Sens. Rob PortmanRobert (Rob) Jones PortmanThe Hill's Morning Report — Presented by T-Mobile — Congress to act soon to avoid shutdown On The Money: Trump touts China actions day after stock slide | China 'confident' on new trade deal | GM chief meets lawmakers to calm anger over cuts | Huawei CFO arrested GM chief meets lawmakers to calm anger over cuts MORE (R-Ohio), Ben CardinBenjamin (Ben) Louis CardinGeorge H.W. Bush remembered at Kennedy Center Honors Democratic senator: US must maintain strategic relationship with Saudis and hold them accountable Trump confronts new Russia test with Ukraine crisis MORE (D-Md.), Dick DurbinRichard (Dick) Joseph DurbinTrump tells McConnell to let Senate vote on criminal justice reform Political opposites come together for Bush funeral Live coverage: Washington honors George HW Bush with state funeral MORE (D-Ill.) and Sherrod BrownSherrod Campbell BrownDeval Patrick announces he will not run for president in 2020, citing 'cruelty of election process' The Hill's Morning Report — Presented by T-Mobile — Congress to act soon to avoid shutdown On The Money: Trump touts China actions day after stock slide | China 'confident' on new trade deal | GM chief meets lawmakers to calm anger over cuts | Huawei CFO arrested MORE (D-Ohio) introduced a proposal Tuesday to allow states to use Medicaid money to pay for coverage at addiction treatment facilities for people with diagnosed substance use disorders for up to 90 consecutive days -- something prohibited under federal Medicaid law.

"This new legislation represents a thoughtful, bipartisan solution that will expand access to treatment while targeting the cost, and we will push for its inclusion in the final House-Senate opioid package," Portman said in a statement.

 

Why it matters: Current law bans the use of Medicaid funds for inpatient treatment centers with more than 16 beds. This was passed as part of Medicaid in 1965 and aimed at preventing the warehousing of mentally ill people in large institutions. But advocates say the restrictions are now outdated because of changes in how people with substance use disorders are treated.

 

What's next: A partial repeal of the restriction was included in the House-passed opioids package, but now in the Senate's. Now Portman is pushing for his proposal to be included in the final bill that comes out of the conference between the two houses.

Read more here.

 

FDA launches teen anti-vaping ad campaign.

The Food and Drug Administration is launching a new advertising campaign aimed at educating teenagers about the dangers of vaping.

The "Real Cost" campaign will target nearly 10.7 million middle and high schoolers ages 12-17 by placing ads in school bathrooms and on social media and educational platforms frequented by teens.

It comes as the FDA is in the middle of a major crackdown on e-cigarette sales to minors.

FDA said the campaign is a nearly $60 million effort funded by user fees collected from the tobacco industry, not by taxpayer dollars.

The "hard-hitting" advertising, which will detail the dangerous chemicals that e-cigarettes can contain, will appear on sites including YouTube, Pandora and Instagram.

The new campaign aims to educate young people that using e-cigarettes, just like cigarettes, puts them at risk for addiction and other health consequences.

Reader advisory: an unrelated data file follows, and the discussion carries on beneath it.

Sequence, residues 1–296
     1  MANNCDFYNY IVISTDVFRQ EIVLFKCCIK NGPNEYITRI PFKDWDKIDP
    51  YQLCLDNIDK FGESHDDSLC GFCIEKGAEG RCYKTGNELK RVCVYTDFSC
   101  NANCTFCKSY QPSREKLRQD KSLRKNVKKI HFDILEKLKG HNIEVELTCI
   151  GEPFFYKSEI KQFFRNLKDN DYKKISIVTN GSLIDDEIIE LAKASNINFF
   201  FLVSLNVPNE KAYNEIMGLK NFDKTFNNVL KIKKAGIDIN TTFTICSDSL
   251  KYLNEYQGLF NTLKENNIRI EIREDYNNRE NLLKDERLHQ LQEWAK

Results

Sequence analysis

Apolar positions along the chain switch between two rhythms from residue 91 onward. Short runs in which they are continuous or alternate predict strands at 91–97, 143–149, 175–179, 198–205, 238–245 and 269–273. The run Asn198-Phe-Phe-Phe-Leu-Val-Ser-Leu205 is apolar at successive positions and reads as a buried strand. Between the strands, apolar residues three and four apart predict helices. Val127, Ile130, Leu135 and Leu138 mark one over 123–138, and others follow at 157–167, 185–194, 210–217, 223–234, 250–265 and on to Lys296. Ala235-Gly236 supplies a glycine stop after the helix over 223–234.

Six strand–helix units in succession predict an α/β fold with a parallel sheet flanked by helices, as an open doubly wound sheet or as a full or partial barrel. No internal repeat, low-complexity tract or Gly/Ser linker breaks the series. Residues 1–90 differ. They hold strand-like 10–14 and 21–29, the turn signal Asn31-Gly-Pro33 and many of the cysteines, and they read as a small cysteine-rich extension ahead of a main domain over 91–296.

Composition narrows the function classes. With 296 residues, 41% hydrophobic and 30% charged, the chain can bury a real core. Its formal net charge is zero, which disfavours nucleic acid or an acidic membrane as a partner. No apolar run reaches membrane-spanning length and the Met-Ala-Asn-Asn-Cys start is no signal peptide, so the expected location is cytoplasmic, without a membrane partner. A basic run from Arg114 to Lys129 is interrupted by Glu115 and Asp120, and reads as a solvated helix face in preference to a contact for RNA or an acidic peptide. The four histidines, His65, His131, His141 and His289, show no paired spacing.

Read more on the new campaign here.

 

Senate eyes better transparency over health costs.

Lawmakers heard from health industry officials on efforts to increase transparency in pricing and care quality during a Tuesday hearing before the Senate health committee, The Hill's James Wellemeyer reports.

Committee Chairman Lamar AlexanderAndrew (Lamar) Lamar AlexanderOvernight Health Care: Manchin pitched Trump on reviving bipartisan ObamaCare fix | 4 in 10 don’t plan to get flu shots | Survey finds more than a quarter have pre-existing conditions Manchin pitched Trump on reviving bipartisan ObamaCare fix Bush hailed for principles as lawmakers pay respects MORE (R-Tenn.) highlighted a case where a patient paid $3,500 for tests in a hospital when a nearby doctor could have run them for $500.

The four witnesses before the committee echoed Alexander and discussed how the lack of transparency in health care raised costs.

Sen. Tim ScottTimothy (Tim) Eugene ScottTim Scott: Stop giving court picks with 'questionable track records on race' a Senate vote Ocasio-Cortez, Tim Scott, Becerra among Bloomberg's 50 most noteworthy in 2018 This week: Lawmakers return to mourn George H.W. Bush MORE (R-S.C.) said that "when people have the tools they need to shop around for care, consumers and employers could save 50 percent" on health care. But Sen. Elizabeth WarrenElizabeth Ann WarrenDemocrats wise to proceed cautiously on immigration Strategist behind Warren's political rise to meet with O'Rourke: report Warren fell for ‘Trump trap’ with DNA test, says progressive MORE (D-Mass.) questioned whether more transparency on costs alone was enough.

"When a health plan has all the power over whether or not you can get quality care, information on the price and transparency alone are not going to solve the problem," the progressive senator said.

 

What we're reading

Behind your rising health-care bills: Secret hospital deals that squelch competition (The Wall Street Journal)

The health dangers don't stop with a hurricane's churning. They can get worse. (The Washington Post)

AbbVie accused of paying kickbacks, using a stealthy network to promote Humira (STAT)

 

State by state

ObamaCare insurers dramatically lower rates in Maryland after state props up marketplace (Washington Examiner)

Connecticut psychologist charged with defrauding Medicaid $79,000 (Associated Press)

Judge to consider suspending Idaho's abortion reporting law (Associated Press)